They dwelt in little cells, which were continuous on both sides to a considerable distance. Every little cell had a door; and, when they entered, they also closed up the entrance by an art of phantasy, in order that, if anyone came there, he should not be able to enter; so that they might be in security. They knew how to go to places round about by means of thoughts, and appear there as if present; thus, to go, as it were, out of the body; and, after they had infested others, they returned in a moment, and were thus in safety. These were the delights of their life. They dwelt at Z, and appeared at A [see Fig. 5, p. 373]. 5310-1


Then all who were there, except some who had not been of such a character but have lived well, were cast into a certain gulf, which is the fifth, on the other side of their dwellings. There, also, all of them were cast, and the region thus freed from the infestations of such ones.


It was said, that those in that gulf are compelled to think according to the sight, or according to the objects of sight and of the external senses, and not to wander therefrom at all; and when this happens, they experience the greatest torment, because they are not able to go out of the body through space by means of thoughts, and appear elsewhere: for all such persons learn to go through space as to the thoughts, and to appear at other places than where they are; in which places they appear exactly as if really present thus in many places [at once]; and the more adroitly they can do this, the safer they regard themselves. This phantastic art prevails to a great extent amongst spirits, and is exceedingly pernicious.


Afterwards, I saw beggars, who were in other places. They appear in a higher situation, and all as if continuous, or, as it were, glued together, by reason of their acting as one. They were cast into a gulf, remote from the preceding one, towards the north.


THE SITUATION OF CHRISTIANS AND OTHERS. The middle is occupied by those Christians who are called Lutherans, and Reformed; each sect according to its genius. These are on the rocks. Surrounding these on every side, are such as are of the Catholic religion. Next around are the Mohammedans: the Gentiles, however, are around these, on the west; and those who are good are transferred to the east, and stationed around them [i.e. the Mohammedans] there.


CONTINUATION CONCERNING BABEL. In the western region is a vast number of monasteries for men, but not above that region, with the exception of a few which are for the purpose of observing how things are circumstanced round about. They are beneath the earth; and there are many dwellings there, and as it were small cities full of monasteries. The number of monasteries exceeds the number in the world even to twenty-fold. Now a monastery which, for instance, contained fifty, at present also contains just as many. The rest, who have lived in previous centuries, established for themselves similar monasteries round about there, but under the mountain. The whole western region is full of such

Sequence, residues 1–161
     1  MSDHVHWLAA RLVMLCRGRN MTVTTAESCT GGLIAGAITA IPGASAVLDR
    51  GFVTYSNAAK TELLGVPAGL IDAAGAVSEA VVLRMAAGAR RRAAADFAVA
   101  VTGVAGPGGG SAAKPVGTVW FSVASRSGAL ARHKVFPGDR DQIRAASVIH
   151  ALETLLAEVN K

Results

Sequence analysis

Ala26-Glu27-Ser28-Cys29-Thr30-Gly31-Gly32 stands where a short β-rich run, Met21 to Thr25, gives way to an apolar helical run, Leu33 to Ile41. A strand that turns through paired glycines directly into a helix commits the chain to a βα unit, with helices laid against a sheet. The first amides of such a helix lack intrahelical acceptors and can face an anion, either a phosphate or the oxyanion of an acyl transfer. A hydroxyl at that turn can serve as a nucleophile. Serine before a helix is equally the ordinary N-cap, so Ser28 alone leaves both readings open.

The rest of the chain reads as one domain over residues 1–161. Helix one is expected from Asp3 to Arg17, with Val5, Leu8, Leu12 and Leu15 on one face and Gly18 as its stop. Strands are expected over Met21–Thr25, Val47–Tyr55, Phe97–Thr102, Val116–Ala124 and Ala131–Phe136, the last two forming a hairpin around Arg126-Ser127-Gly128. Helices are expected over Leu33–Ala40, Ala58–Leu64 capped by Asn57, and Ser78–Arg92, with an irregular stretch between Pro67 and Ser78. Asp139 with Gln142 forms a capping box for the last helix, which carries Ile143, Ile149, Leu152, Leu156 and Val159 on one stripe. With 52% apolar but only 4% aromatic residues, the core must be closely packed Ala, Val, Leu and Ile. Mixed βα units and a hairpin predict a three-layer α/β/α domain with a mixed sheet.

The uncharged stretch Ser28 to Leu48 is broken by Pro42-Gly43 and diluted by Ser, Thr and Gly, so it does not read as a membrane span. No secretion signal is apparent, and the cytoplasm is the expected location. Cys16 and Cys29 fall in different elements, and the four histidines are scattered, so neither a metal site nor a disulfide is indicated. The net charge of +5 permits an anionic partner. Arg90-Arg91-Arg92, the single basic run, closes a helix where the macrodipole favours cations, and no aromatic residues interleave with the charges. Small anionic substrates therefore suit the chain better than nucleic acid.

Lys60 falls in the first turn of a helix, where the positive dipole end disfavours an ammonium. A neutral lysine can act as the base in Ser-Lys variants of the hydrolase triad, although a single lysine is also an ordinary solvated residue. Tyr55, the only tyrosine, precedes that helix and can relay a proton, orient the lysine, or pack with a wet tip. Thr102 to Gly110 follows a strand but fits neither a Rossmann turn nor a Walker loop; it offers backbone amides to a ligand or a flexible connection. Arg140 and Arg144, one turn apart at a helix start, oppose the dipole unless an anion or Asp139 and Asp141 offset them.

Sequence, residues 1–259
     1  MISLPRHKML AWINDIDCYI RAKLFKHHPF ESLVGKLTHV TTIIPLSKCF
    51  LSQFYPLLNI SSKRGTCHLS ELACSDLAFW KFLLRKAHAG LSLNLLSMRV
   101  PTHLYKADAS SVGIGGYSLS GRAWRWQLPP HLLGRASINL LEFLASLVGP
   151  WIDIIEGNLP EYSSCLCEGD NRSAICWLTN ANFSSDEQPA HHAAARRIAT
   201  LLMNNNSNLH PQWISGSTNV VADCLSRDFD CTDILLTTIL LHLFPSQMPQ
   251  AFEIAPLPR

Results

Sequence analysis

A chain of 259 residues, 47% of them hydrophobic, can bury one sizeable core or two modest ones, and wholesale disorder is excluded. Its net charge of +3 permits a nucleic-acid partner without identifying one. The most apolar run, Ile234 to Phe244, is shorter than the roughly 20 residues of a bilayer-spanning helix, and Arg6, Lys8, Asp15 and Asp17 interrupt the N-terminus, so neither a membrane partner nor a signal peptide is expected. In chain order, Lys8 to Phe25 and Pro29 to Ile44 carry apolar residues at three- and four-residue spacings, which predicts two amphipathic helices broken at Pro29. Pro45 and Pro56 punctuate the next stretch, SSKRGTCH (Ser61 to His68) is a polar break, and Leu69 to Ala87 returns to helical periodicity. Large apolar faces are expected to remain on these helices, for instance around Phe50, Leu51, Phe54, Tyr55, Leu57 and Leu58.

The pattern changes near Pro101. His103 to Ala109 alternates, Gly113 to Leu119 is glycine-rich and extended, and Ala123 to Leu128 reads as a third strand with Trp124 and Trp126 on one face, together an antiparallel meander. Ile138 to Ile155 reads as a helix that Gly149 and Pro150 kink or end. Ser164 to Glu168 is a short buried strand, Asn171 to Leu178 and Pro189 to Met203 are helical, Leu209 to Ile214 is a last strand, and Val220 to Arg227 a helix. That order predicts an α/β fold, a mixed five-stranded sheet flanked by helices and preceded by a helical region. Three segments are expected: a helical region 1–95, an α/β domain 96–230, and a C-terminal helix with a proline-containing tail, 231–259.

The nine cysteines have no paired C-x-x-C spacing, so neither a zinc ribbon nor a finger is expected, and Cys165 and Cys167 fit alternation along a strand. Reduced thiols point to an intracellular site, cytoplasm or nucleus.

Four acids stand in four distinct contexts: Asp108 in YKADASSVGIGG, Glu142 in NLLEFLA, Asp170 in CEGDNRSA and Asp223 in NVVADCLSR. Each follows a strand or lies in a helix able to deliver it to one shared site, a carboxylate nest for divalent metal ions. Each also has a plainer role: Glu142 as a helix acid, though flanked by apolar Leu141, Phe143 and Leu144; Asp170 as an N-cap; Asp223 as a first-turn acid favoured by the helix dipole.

The western region which is subject to the very great city, is full of similar monasteries, namely, such as have not been very wealthy. But those who were rich and wealthy dwelt in the western part and as far as to the southern; consequently, in the region subject to the rich city, already mentioned.


The former multitude has accumulated since the time of the Reformation; and the latter are they that dwell under the mountain. Those, however, who lived in the Dark Ages, dwell below, where there is a vast region allotted to them and their retainers. The dwellings, there, are arranged in a circuit of wide extent in all directions, so that that region is full of them - but, under those who lived after the times of the Reformation. Such as are from the Dark Ages dwell beneath them, as was said, in a wide region; for, when the latter arrived, the former let themselves down thither. Except at a point in the middle, they are not able to ascend to those who are above; but this happens rarely, inasmuch as that middle place is closed up. The point A [Fig. 7] 5317-1 there, appears as if heaped up, and thus, closed. They search for ways to get out, but find none. Sometimes, certain of their number put in an appearance; some appear like gods because they wished to be so worshipped, and some like robbers. They are, in the greatest darkness, and are not acquainted with anything belonging to doctrine.


Almost similarly dwell the rich who lived in the Dark Ages, and those who lived after them, under the western region. The latter are above and the former beneath - but these are only the rich. If they appear above, as sometimes happens, by means of thoughts, then they are in various ways cast back by those who dwell above, so that, at length, they dare not emerge; for those above fear lest they, rather than themselves, should bear away the gains from the people.


They also have light there, but it is dim. It is an illusory light that they have. They are allowed to go and dwell round about, and also to let themselves down still deeper, but not to rise up. When they go about, they always turn their back to the Lord as the sun - never their face. They are wholly idolatrous; they pay sacred worship to images and not to the Lord, because they say they have got all His power themselves.